Commentaries posted do not necessarily represent the opinion of LDN.
 Any opinions expressed are those of the writers.

Healing the silent cancer of child sexual abuse          Send a link to a friend

By Linde Grace White, M.Ed.

[APRIL 8, 2006]  Along with toenail fungus and hemorrhoids, child sexual abuse is one of those unsavory things we don't even want to think about. We prefer to hide from it or simply change the subject.

We rationalize that it happens occasionally and sometimes makes the papers. Yet, in a room of 100 people, as many as 20 to 25 of them likely will have been victimized by this most insidious form of child abuse. Why don't we know this? Because those who have experienced this trauma often are shamed and silenced in a variety of emotionally manipulative ways by their perpetrators or families.

Mother taught us it's not polite to air our dirty laundry. And what could be dirtier? That was my own mom's phobia. So she became a co-dependent accomplice to my father's incestuous abuse of me, beginning when I was only 2.

My daddy taught Sunday school, went to work every day and brought home his paycheck. He did not drink to excess and used no drugs. He served on the church council and enjoyed a good sermon on faith. He also beat my brother regularly. My brother can't remember a time when Daddy ever smiled at him. On the other hand, I was Daddy's "dollbaby." I developed alter personalities to cope with his abuse and hid the painful memories deep within my consciousness.

I don't know when it stopped or exactly how many other little girls he abused, but I do know some of them. When I finally remembered, it took nearly nine years and a load of money and effort for me to heal. I could not confront my dad because he already had died. Anyway, abusers often don't believe they are doing anything wrong.

We all are affected in some way by child sexual abuse, and it costs taxpayers a lot of money. The estimated numbers of victims (25-30 percent of girls, 17-20 percent of boys 18 and younger) should horrify us. And those numbers don't include child neglect and physical abuse.

The great majority of sexually abused children are violated by someone they know -- generally, someone the child has been taught to love and respect. It may be a parent or other relative, teacher, clergy person, Scout leader, coach, or neighbor. The abuse is perpetrated by someone who has power over the child. Too often, it is the person who eats meals with the child, puts the food on the table and the clothes on his or her back, and takes the child for medical attention.

[to top of second column]

Why do perpetrators do it? They do it because they can, often because of dysfunctional patterns from their own childhood. In their warped egos, they view children as objects that they can own and control. Abusers may threaten the child ("I'll kill you or your mother/sister/brother if you tell," or "Your family will leave you or stop loving you"). They tell the child anything at all to gain control.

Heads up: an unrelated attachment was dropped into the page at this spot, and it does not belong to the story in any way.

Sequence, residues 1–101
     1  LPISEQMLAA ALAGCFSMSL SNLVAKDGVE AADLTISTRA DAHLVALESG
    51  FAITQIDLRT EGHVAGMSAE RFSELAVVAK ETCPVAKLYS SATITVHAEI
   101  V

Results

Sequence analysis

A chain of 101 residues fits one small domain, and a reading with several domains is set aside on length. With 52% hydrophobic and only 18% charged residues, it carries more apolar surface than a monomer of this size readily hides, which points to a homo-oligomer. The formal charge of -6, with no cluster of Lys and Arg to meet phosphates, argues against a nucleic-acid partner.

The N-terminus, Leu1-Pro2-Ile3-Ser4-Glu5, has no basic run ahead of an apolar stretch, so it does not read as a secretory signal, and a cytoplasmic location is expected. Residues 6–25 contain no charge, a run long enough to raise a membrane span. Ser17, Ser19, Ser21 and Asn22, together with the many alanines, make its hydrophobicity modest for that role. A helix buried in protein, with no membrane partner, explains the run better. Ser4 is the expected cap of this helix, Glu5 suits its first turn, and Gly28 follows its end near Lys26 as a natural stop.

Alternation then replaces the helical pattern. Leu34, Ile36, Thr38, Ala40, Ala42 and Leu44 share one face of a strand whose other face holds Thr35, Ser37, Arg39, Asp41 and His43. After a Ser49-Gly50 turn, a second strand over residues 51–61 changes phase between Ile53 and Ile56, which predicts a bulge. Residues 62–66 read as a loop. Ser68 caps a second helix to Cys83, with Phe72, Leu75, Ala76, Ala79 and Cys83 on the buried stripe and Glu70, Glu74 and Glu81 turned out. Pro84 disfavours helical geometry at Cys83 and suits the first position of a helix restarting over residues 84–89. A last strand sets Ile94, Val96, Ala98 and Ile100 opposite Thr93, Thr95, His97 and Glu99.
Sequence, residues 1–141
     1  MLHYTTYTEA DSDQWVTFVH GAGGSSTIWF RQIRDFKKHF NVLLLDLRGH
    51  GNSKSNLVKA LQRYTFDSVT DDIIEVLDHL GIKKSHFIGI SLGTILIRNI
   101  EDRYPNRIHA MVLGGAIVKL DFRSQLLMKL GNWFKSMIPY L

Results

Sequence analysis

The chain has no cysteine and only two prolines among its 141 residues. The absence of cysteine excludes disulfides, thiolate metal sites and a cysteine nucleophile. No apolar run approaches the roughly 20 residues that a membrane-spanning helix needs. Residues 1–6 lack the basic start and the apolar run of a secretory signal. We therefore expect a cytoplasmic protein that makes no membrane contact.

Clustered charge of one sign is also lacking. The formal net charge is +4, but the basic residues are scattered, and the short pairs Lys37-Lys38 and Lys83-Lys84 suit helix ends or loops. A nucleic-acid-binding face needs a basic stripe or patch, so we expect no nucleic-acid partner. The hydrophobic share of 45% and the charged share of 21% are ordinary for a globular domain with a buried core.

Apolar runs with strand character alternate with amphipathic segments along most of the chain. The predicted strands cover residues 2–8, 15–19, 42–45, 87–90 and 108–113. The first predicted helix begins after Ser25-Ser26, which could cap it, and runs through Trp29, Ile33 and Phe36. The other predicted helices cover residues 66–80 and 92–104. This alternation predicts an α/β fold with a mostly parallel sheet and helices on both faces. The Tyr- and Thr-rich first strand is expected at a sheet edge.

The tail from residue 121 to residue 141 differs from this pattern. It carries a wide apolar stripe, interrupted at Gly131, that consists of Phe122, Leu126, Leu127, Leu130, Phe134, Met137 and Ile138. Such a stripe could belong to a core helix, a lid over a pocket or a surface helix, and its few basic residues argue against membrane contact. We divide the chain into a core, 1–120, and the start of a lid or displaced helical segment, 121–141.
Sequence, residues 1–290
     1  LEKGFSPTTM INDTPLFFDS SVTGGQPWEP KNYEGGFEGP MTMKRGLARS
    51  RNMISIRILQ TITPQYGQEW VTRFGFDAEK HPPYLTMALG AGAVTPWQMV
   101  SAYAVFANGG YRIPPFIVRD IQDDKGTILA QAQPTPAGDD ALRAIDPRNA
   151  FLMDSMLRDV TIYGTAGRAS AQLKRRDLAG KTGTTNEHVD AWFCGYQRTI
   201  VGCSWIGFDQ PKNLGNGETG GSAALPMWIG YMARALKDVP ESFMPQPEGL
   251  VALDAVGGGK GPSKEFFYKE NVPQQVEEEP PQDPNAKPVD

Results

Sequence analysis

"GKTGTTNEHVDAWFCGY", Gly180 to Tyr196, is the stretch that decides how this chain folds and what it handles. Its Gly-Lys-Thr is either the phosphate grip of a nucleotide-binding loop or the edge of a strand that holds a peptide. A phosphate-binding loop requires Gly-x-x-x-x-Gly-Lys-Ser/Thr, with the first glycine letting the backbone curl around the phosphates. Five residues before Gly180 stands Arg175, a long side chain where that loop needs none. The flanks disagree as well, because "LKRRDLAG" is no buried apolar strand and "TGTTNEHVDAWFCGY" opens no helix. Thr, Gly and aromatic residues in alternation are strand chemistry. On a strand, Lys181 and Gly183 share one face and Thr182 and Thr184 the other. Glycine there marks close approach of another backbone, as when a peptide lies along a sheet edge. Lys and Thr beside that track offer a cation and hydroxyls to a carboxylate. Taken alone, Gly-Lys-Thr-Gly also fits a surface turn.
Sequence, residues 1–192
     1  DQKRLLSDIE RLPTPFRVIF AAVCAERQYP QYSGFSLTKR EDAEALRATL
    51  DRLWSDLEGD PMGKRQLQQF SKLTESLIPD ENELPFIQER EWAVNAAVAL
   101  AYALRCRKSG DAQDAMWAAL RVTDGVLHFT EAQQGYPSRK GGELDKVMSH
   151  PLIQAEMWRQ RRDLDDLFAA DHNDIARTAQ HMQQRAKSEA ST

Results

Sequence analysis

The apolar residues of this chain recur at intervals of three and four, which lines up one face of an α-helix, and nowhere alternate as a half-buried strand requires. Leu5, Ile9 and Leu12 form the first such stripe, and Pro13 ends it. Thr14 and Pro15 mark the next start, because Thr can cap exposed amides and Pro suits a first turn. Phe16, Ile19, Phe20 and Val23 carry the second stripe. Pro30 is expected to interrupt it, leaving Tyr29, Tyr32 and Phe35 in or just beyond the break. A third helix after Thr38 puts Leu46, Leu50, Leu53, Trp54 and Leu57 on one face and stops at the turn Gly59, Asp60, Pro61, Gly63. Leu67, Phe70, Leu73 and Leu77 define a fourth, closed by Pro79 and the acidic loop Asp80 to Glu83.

What can we do to help victims and lower the $94 billion annual cost of child sexual abuse? First and foremost, become aware of the children around you. Carefully report any abuse you suspect, even if anonymously. If you are a victim or co-victim, get out. My friend made a sad choice. She killed her abuser and is now in prison.

Various recovery organizations, ministries and counselors exist to help. Books can help. Law enforcement will investigate, and the legal system can prosecute. It's not easy, but you can survive and even thrive, in time.

You need not feel ashamed for being a victim. You are not the bad person. You are a lovable, worthwhile contributor to humanity. You are alive, and you can help someone else.

Please join me in making people aware and in preventing or stopping any abusive behaviors you may observe or suspect. Get the help you need or help your child get it. The earlier the intervention, the better. But it's never too late. The return on the investment is fabulous. I know.

[Linde Grace White]

Linde Grace White, a retired special education teacher, is the author of "Dollbaby: Triumph Over Childhood Sexual Abuse." Her e-mail address is

Click here to respond to the editor about this article.

Related commentary


< Recent commentaries

Back to top


News | Sports | Business | Rural Review | Teaching & Learning | Home and Family | Tourism | Obituaries

Community | Perspectives | Law & Courts | Leisure Time | Spiritual Life | Health & Fitness | Teen Scene
Calendar | Letters to the Editor